Calls to abandon those protections in light of “the era’s perceived necessity” are not unusual. Nor is the argument from bureaucratic expertise limited only to the field of accounting. The failures of accounting regulation may be a “pressing national problem,” but “a judiciary that licensed extra constitutional government with each issue of comparable gravity would, in the long run, be far worse.” Neither respondents nor the dissent explains why the [PCAOB’s] task, unlike so many others, requires more than one layer of insulation from the President — or, for that matter, why only two. The point is not to take issue with for-cause limitations in general; we do not do that. The question here is far more modest. We deal with the unusual situation, never before addressed by the Court, of two layers of for-cause tenure. And though it may be criticized as “elementary arithmetical logic,” two layers are not the same as one.

The President has been given the power to oversee executive officers; he is not limited, as in Harry Truman’s lament, to “persuad[ing]” his unelected subordinates “to do what they ought to do without persuasion.” In its pursuit of a “workable government,” Congress cannot reduce the Chief Magistrate to a cajoler-in-chief.

Most market participants who learn the facts of the case will likely end up agreeing with the Supreme Court that the PCAOB’s two layers of for-cause “insulation” were too much.  They were incompatible with America’s constitutional form of government and, therefore, bad for personal liberty and property rights.   The Court rightly asks, for example, what justifies the Sarbanes-Oxley Act’s impossibly high bar for removal of a PCAOB board member:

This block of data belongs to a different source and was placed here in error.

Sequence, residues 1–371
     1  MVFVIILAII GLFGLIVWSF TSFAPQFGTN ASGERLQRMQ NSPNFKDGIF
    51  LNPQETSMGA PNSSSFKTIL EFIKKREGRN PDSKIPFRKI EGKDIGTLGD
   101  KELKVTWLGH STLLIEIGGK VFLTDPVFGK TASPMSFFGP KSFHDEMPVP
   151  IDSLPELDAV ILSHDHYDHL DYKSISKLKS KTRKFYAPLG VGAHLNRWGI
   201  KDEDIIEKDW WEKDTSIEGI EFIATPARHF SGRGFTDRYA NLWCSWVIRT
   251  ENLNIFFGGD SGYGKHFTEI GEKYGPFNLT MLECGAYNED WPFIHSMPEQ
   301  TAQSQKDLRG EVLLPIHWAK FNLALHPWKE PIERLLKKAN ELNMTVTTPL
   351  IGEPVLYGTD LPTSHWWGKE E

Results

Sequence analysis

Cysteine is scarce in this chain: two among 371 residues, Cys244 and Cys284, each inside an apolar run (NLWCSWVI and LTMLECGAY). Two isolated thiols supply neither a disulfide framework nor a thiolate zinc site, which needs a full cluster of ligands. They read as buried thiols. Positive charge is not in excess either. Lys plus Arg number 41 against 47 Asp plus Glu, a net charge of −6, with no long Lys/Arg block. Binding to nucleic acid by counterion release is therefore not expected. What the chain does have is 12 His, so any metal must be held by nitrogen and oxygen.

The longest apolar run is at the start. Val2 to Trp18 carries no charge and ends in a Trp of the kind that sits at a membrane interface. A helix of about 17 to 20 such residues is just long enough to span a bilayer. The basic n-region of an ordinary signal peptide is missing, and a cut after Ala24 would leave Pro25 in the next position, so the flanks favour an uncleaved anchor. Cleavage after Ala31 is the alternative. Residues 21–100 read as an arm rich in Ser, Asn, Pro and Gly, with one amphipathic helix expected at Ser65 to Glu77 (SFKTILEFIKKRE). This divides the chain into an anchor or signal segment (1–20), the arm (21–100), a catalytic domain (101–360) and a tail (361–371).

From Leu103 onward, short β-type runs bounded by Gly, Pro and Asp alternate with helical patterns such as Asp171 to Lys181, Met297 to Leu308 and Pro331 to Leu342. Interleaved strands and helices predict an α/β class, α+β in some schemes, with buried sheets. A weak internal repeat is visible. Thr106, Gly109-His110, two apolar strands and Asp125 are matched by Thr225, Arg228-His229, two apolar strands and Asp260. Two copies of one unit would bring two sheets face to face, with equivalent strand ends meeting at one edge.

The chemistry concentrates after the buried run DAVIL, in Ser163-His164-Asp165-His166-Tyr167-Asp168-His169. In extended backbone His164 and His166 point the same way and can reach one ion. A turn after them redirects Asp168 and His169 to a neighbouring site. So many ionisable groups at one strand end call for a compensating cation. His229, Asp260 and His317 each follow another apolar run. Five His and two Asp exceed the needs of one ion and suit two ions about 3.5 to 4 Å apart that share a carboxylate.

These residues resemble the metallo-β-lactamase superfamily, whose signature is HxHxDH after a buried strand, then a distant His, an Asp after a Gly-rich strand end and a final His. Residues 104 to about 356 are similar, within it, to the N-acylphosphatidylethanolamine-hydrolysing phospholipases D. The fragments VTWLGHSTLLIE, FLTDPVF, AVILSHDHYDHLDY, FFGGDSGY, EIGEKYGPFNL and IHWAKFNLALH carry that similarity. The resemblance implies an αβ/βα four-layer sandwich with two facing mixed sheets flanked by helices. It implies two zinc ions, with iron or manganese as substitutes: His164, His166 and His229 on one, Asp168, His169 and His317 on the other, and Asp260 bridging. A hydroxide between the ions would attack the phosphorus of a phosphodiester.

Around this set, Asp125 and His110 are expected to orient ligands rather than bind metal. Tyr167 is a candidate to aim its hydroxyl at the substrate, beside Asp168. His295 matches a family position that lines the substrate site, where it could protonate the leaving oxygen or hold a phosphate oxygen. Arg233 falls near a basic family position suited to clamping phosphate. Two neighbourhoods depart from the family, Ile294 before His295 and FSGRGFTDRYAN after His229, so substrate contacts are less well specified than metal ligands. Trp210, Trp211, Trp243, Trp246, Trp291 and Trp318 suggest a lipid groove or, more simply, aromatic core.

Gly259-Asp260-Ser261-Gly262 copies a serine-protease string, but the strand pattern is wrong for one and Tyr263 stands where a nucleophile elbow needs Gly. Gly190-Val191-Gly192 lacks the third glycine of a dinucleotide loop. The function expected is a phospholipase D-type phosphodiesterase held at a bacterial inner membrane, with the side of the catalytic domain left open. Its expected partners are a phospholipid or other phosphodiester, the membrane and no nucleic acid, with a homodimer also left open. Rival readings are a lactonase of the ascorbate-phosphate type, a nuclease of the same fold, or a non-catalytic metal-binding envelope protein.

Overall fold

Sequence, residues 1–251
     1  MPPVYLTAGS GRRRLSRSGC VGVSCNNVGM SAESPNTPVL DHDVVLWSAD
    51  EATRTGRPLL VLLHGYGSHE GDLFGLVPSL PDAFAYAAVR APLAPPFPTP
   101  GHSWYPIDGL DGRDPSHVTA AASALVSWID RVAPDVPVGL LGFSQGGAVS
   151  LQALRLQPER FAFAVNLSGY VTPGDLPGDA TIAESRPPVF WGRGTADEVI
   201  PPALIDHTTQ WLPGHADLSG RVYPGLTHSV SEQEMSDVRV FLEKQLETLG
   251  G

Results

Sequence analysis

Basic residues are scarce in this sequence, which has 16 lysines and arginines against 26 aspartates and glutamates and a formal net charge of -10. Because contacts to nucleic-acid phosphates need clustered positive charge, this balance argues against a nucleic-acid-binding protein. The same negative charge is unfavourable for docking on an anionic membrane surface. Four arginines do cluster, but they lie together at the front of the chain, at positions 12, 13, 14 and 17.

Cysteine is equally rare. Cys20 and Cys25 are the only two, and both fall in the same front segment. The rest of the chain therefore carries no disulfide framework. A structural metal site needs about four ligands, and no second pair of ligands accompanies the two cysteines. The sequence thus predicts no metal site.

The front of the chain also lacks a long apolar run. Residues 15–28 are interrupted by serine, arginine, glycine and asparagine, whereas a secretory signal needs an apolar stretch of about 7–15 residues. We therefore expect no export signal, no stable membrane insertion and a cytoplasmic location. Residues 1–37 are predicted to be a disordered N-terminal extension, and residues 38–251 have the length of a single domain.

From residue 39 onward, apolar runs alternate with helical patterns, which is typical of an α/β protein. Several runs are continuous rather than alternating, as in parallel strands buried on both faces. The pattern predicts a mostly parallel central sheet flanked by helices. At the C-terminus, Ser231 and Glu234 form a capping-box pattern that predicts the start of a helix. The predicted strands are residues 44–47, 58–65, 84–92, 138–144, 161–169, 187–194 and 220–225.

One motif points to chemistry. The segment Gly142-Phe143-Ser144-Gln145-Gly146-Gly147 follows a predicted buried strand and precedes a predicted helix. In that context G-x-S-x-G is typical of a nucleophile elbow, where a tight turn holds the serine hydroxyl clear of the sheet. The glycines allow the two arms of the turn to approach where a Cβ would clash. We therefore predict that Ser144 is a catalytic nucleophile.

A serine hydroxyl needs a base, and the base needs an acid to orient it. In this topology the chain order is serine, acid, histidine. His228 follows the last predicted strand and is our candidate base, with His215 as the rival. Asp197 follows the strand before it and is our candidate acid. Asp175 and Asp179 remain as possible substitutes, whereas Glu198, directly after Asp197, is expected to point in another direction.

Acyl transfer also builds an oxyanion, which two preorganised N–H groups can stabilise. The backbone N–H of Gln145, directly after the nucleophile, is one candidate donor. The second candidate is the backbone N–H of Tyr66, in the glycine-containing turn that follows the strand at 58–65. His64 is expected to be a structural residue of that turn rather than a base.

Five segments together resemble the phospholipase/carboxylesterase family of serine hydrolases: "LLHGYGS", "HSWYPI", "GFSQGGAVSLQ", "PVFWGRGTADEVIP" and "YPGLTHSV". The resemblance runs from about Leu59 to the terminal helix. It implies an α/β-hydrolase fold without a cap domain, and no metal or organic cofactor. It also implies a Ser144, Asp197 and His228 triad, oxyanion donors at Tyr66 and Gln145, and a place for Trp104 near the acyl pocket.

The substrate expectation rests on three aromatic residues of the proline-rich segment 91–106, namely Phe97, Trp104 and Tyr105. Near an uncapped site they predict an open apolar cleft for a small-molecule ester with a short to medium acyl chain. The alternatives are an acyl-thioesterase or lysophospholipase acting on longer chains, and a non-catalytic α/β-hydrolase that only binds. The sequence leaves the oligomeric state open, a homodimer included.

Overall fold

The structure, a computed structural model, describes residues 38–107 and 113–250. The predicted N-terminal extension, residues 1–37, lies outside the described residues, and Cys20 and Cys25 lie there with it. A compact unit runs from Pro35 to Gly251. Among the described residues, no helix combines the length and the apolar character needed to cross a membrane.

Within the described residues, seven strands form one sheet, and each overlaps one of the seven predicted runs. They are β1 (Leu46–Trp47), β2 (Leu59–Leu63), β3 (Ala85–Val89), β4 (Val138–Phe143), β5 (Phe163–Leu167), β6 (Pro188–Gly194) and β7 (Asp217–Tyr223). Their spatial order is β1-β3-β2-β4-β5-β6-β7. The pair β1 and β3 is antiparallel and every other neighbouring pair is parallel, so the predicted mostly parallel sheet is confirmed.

A Board member cannot be removed except for willful violations of the [Sarbanes-Oxley] Act, [PCAOB] rules, or the securities laws; willful abuse of authority; or unreasonable failure to enforce compliance—as determined in a formal Commission order, rendered on the record and after notice and an opportunity for a hearing. §7217(d)(3); see §78y(a). The Act does not even give the Commission power to fire Board members for violations of other laws that do not relate to the Act, the securities laws, or the Board’s authority. The President might have less than full confidence in, say, a Board member who cheats on his taxes; but that discovery is not listed among the grounds for removal under§7217(d)(3).7

This is the sort of knee-jerk, “torch and pitchforks” legislation too often inspired by hysteria.  With Sarbanes-Oxley, it was Enron.   (Today, it’s AIG and Lehman Brothers.)  But viewed rationally, what God of accounting and auditing could possibly deserve such job security?  The decision to overturn it is a return to sanity and the rule of law.  It reaffirms the vitality of the Constitution and reminds government officials that they are (at least somewhat) accountable for their conduct to the people who put them in office.

This SCOTUS opinion will likely reverberate through the halls of government for decades to come so long as the words “law” and “Constitution” retain any meaning.  And they had better retain meaning for the survival of the accounting profession which, after all, exists to account for the value and disposition of property rights guaranteed by . . . the Constitution.

More background on the case can be found at the Free Enterprise Fund and Beckstead and Watts, LLP v. Public Company Accounting Oversight Board Wiki.  Another insightful resource is Steven Calebrisi’s pre-decision SCOTUSCast (22 minutes).